Being a horse owner entails a huge financial and emotional responsibility. It comes as no surprise that your equine friend requires a lot of time, effort, money, and care. From the tack equipment to the vet bills, raising it can easily cost you a fortune.
However, if you own a horse, then you must know that it’s one of the most rewarding things in life. There’s no better feeling in the world than noticing its trust and love for you grow day by day. In this article, we’ll be walking you through the things you need to do to keep your horse healthy and strong for a long time to come.
Find the Time For Grooming
Between work, family, and other obligations, it can be difficult to make time to visit the stables and ride our horses. Unfortunately, when we finally do, there’s only time for a really short grooming session to ensure that the horse is in decent shape to ride. However, grooming is not just necessary to keep your horse clean, but it also helps you figure out if it’s experiencing any pain or health issues.
You need to fit at least an hour of thorough grooming per week into your schedule. Make sure to brush your horse’s entire body and use a soft brush for its face. Pay attention to its reactions throughout the grooming session. If your horse swishes its tail, moves its ears backwards, or flinches, it may be uncomfortable or in pain. After you’re done using the brushes, feel your horse using your hand. Make sure to notice any sensitivity, heat, or swelling by comparing its left and right sides. It will be easier to point out any issues if you remain consistent.
Use Balancers and Vitamins
Many horse owners overlook the importance of using balancers and minerals. Balancers are high-concentration sources of minerals, vitamins, and often protein. They are low-intake and are created to help keep a horse’s diet balanced by providing the needed nutrients to ensure its optimal well-being and performance.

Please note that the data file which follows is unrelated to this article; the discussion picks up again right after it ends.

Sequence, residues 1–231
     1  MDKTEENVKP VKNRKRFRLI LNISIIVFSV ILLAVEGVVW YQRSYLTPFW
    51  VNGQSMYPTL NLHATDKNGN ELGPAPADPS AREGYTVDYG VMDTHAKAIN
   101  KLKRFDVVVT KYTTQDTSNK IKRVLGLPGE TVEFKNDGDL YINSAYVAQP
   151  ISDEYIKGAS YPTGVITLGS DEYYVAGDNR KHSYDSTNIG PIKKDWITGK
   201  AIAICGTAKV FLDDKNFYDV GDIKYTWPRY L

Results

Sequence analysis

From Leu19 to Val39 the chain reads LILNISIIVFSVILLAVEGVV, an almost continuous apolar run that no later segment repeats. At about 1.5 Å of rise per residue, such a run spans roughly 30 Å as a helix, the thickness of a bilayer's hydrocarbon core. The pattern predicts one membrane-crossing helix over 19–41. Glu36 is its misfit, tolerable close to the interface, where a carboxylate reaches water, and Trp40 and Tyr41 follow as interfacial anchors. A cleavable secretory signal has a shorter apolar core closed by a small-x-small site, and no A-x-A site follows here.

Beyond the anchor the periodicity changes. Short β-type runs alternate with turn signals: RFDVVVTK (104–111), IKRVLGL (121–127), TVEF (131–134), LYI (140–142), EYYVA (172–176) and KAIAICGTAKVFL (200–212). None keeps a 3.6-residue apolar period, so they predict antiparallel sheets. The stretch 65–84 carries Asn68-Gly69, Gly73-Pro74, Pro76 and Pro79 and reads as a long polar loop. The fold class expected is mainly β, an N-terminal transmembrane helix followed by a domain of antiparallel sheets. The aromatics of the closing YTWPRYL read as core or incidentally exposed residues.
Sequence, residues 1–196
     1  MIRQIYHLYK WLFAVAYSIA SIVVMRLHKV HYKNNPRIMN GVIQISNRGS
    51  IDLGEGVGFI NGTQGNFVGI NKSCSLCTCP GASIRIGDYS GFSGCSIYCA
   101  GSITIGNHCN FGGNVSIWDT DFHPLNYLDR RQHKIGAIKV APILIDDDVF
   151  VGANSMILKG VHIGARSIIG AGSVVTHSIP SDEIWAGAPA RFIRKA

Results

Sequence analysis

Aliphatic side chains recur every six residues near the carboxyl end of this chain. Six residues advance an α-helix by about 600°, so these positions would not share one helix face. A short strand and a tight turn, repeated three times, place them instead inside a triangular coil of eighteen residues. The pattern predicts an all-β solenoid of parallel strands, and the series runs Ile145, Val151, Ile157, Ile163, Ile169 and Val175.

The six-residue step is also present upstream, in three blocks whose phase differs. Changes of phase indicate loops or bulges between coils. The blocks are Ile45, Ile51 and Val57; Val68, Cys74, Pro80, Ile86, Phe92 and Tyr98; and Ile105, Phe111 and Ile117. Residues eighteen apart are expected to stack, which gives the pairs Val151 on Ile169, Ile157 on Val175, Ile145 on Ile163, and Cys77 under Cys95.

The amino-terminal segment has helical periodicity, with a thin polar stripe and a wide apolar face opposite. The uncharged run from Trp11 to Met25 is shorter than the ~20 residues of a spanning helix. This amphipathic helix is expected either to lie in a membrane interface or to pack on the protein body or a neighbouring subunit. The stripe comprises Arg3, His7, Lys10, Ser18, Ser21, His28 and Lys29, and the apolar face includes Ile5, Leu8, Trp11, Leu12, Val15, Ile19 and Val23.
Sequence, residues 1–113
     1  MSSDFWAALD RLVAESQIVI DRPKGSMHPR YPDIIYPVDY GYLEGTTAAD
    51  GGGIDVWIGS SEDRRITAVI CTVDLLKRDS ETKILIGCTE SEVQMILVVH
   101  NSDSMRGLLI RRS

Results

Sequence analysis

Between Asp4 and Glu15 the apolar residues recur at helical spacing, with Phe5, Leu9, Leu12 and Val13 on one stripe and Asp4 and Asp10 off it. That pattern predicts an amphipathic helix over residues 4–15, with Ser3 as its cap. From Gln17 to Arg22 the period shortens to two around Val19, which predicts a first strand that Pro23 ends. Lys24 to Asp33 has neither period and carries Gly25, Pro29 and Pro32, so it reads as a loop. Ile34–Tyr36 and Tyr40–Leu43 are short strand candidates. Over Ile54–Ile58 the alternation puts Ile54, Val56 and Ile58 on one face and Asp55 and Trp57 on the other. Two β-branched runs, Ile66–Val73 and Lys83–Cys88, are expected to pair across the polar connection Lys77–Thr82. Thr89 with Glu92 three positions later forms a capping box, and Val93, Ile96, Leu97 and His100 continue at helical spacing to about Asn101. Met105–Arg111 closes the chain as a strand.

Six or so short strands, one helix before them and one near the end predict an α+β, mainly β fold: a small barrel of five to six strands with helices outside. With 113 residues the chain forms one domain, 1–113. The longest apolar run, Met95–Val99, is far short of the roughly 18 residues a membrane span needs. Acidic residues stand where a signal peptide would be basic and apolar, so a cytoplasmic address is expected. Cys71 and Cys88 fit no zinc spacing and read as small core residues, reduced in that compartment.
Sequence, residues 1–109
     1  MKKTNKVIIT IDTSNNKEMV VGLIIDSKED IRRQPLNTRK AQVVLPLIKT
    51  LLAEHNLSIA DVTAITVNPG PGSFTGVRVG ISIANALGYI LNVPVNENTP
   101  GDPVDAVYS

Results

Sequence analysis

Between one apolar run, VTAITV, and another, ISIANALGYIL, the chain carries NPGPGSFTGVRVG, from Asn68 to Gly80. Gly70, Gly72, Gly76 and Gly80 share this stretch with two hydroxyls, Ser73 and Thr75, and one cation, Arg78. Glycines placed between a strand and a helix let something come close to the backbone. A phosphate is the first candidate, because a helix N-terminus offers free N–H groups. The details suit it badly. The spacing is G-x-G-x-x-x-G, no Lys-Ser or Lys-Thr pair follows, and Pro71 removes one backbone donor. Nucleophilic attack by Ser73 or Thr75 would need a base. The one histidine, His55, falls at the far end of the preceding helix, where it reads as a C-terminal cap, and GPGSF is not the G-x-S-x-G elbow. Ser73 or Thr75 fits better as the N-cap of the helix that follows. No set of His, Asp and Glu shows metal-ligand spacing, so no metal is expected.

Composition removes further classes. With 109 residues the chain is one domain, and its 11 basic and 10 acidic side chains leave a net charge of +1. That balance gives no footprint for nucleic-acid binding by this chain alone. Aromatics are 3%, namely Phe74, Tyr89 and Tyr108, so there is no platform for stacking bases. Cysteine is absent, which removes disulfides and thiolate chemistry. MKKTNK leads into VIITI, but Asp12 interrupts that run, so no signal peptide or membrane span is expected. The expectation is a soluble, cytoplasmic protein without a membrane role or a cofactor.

You can find balancers at any horse feed supplier, along with other mineral and vitamin feed options. Feeding your horse a healthy and balanced diet will noticeably improve the condition of its coat, boost its immune system, and enhance the quality of its hooves.
You need to consider adding a balancer to your horse’s diet if it stays at a pasture that has no added concentrated food, if it’s only being fed oats, alfalfa chaff, sugar beet, or other straight concentrates, or if it’s eating less concentrate feed than the recommended amount. Many horses eat balanced diets but are still eating below the recommended amount, which would not provide them with the needed minerals and vitamins.
Maintain a Healthy Weight
You may be surprised to learn that, as of 2017, 25% of horses and 80% of ponies in the UK were overweight. Horses that are overweight may suffer from added stress on their lungs and hearts and are at a higher risk of developing founder, laminitis, orthopaedic issues, and other health problems. Fortunately, you can keep your horse at a healthy weight by feeding it a balanced diet and controlling calories, as well as lunging, riding, or leading it for at least 30 minutes a day for 6 days a week. It helps to check your horse’s fat score once every two weeks.
Protect Its Hooves
Stable management is vital to ensure your horse’s hoof health. Messy horses can make it hard to keep the stable environment clean and safe. You can explore different bedding options to find one that your horse feels comfortable living in. You should also make sure that your stables have adequate drainage.
However, if this isn’t possible, you can layer an absorbent material beneath the bedding. This will help prevent the wet bedding from sticking to its legs, feet, and rugs. This will also make mucking out a lot easier. Make sure to regularly scrub the mud off your horse’s feet to prevent it from harbouring bacteria. Once they’re completely dry, you should also paint a good hoof product on your horse’s hoof, soles, and frogs.
This way, mud, and droppings won’t stick to them. Keep in mind that if not properly cared for, your horse’s hoof horn can easily crack since it’s modified skin. You should test a hoof oil on your own hands or skin before using it on your horse. Rub it in and wait for 10 minutes to see how it feels. Avoid using too many products, as they can easily serve as barriers rather than protectants or moisturizers.
Caring for your horse is a full-time job. When it comes to maintaining your horse’s health, there are many things that you need to do and several things that you must account for when it comes to maintaining your horse’s health. However, it’s all worth seeing your equine friend happy, healthy, and thriving.